Closing DES could save $1M
Published 7:00 am Wednesday, March 23, 2016
Monday evening, the Bogalusa School Board met for its usual committee meeting prior to the monthly board meeting.
The big presentation was by Deloris Walker, the district’s financial officer, who presented the board with the estimated costs associated with the closure of Denhamtown Elementary.
Since last month, Superintendent Toni Breaux and district leadership have sought to cut costs through a consolidation plan that would shutter Denhamtown, move more classes to Central Elementary School, trim some administrative positions and offer other savings.
The board declined to approve the consolidation plan last month, however, because members, led by President Curtis Creel, wanted to see clearer figures. Monday, Walker laid out those figures. According to her estimate, the district could save close to $1 million by closing Denhamtown.
Walker explained that $284,604 would be saved in the closure itself, $159,000 would be saved on food service costs and $387,277 would be saved from salary and benefits. In addition, the district will save a final $168,793 if the board votes to charge parents a fee to cover the cost of instructors, as the board seems likely to do. In total, Walker projects the district will save $999,672.
Breaux said at the end of the meeting she hopes the board will approve the consolidation plan on Thursday.
“I would just like to say we are at a standstill — the Bogalusa city school system, my supervisors and I, along with my principals, we can’t make any decisions until this is resolved. Whatever you all decide, I will accept it gracefully,” she said.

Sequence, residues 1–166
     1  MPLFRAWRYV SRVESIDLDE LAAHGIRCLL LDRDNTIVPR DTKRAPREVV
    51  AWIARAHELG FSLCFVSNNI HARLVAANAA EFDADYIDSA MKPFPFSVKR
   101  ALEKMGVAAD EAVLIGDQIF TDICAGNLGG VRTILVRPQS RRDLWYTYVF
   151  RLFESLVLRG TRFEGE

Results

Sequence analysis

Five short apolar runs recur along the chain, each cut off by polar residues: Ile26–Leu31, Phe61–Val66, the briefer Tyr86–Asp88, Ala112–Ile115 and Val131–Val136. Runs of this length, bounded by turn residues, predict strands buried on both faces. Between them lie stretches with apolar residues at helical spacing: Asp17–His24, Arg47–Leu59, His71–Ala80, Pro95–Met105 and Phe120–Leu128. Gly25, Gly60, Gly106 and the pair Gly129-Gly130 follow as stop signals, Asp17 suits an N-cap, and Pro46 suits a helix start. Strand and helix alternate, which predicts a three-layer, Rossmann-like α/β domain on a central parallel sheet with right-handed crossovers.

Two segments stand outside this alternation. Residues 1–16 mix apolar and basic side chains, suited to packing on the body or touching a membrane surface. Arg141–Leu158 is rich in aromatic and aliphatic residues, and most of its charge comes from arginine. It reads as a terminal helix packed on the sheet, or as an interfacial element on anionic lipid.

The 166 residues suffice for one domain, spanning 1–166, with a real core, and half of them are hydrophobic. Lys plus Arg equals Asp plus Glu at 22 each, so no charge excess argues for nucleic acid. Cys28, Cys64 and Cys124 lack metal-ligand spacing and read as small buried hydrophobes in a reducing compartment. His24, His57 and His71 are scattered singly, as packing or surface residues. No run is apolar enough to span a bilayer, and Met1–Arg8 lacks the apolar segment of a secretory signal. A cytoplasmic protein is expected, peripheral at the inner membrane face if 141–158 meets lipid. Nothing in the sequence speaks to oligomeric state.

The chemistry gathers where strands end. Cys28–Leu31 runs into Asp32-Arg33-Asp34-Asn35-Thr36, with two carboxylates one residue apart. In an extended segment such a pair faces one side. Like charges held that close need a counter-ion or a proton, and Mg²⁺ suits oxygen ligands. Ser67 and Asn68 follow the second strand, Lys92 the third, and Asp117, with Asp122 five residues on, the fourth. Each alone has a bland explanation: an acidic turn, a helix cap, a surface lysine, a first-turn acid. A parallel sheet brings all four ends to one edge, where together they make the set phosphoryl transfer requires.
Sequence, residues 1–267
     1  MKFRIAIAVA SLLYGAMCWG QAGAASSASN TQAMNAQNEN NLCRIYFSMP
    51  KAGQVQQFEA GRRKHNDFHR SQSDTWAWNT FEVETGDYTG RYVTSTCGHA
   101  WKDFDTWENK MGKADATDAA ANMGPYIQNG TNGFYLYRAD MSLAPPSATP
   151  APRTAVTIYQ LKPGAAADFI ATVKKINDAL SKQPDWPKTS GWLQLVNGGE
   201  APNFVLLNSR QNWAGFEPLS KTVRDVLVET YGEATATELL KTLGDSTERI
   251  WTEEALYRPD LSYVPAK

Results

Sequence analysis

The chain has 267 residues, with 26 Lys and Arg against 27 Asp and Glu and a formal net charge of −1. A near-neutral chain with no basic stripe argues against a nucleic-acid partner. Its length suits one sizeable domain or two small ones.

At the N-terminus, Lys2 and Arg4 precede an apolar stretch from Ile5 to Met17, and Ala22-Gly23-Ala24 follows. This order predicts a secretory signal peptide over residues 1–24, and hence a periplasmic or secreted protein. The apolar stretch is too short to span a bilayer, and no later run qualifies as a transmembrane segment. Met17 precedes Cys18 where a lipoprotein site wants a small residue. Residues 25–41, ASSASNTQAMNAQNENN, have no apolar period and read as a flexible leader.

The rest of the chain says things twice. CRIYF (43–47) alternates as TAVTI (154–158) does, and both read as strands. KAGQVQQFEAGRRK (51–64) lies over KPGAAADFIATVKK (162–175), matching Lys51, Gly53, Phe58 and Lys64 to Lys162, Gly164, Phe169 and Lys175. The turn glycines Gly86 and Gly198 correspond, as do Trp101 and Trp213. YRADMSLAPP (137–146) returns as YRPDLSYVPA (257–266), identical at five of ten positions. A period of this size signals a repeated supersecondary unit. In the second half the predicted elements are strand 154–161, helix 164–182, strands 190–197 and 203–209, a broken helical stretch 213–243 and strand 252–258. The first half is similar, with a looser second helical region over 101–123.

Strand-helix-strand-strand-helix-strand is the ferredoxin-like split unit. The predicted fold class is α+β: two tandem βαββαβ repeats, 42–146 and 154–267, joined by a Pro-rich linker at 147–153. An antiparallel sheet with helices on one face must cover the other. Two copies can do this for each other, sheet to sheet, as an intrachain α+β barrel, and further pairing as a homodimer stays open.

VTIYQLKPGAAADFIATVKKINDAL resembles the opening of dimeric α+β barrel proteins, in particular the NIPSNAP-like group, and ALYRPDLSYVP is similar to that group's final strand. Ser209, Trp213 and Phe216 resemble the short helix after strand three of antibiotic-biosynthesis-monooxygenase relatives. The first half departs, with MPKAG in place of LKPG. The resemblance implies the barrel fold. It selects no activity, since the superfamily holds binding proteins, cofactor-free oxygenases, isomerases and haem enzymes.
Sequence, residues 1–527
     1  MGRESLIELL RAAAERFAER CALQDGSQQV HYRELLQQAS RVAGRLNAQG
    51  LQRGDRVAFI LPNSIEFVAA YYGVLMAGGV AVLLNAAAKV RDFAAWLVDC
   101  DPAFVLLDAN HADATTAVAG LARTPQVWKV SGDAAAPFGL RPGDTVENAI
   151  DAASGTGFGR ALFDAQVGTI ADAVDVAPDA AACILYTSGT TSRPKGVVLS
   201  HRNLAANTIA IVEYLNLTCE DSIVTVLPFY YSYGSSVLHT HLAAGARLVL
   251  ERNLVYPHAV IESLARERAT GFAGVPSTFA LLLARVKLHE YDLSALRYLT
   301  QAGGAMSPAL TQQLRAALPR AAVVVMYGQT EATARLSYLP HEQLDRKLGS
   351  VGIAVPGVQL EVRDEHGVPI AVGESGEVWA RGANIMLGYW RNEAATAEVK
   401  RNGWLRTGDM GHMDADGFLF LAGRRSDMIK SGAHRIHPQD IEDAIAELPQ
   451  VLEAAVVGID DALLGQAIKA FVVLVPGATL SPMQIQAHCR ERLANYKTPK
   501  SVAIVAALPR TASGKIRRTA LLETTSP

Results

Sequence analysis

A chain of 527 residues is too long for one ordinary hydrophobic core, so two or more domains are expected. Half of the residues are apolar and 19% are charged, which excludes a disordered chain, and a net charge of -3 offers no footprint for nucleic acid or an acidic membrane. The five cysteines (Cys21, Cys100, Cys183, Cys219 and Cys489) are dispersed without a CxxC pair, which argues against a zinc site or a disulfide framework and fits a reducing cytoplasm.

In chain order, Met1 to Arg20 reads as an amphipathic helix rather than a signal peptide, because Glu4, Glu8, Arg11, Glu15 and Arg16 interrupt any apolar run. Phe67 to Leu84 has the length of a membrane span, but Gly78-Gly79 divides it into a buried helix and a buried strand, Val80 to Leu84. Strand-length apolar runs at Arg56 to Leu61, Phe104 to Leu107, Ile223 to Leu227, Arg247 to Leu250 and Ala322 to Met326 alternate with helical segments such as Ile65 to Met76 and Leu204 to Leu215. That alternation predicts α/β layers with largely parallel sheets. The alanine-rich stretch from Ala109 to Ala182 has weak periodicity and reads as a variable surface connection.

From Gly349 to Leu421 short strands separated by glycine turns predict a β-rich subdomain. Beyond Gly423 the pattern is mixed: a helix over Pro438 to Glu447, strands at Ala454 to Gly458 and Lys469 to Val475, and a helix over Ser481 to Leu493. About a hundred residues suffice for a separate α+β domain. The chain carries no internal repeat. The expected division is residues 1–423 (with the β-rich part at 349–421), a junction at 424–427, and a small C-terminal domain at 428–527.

However, Breaux warned that unless the district consolidated, she would be forced to cut elsewhere.
“The deficit is going to start to build up and we are going to have to do something if were going to maintain the school system,” she said.
However, in a phone interview on Tuesday, Creel said he was not quite convinced all that savings could be realized.
“I hate to say this because I do know that Deloris does a good job, but the numbers, to me, were not firm numbers,” he said. “That was some speculation. I am still not sure the bottom line figure they put on there is accurate. That’s my opinion, I am not speaking on behalf of the board or anyone else. It’s just me.”
In addition, the district offered no specific plan on what would become of the old elementary school if the board did approve closing Denhamtown.
“We’re not going to demolish it,” Breaux said Tuesday of Denhamtown. “We’re going to clean it up and hope to sell it.”
The superintendent then added that she hopes the district’s population will pick up so the district can re-open Denhamtown if it does close.
Already, the school has two vacant school buildings, Pleasant Hill and Superior Avenue elementariness. Long Avenue Elementary is also empty, but it is used for storage by the district.
Creel said the district is in a hard place when it comes to old buildings.
“The neighbors don’t want a vacant building,” he said.
Creel added that even if the district does maintain the lawn and cover the windows, the district isn’t going to prevent vandalism.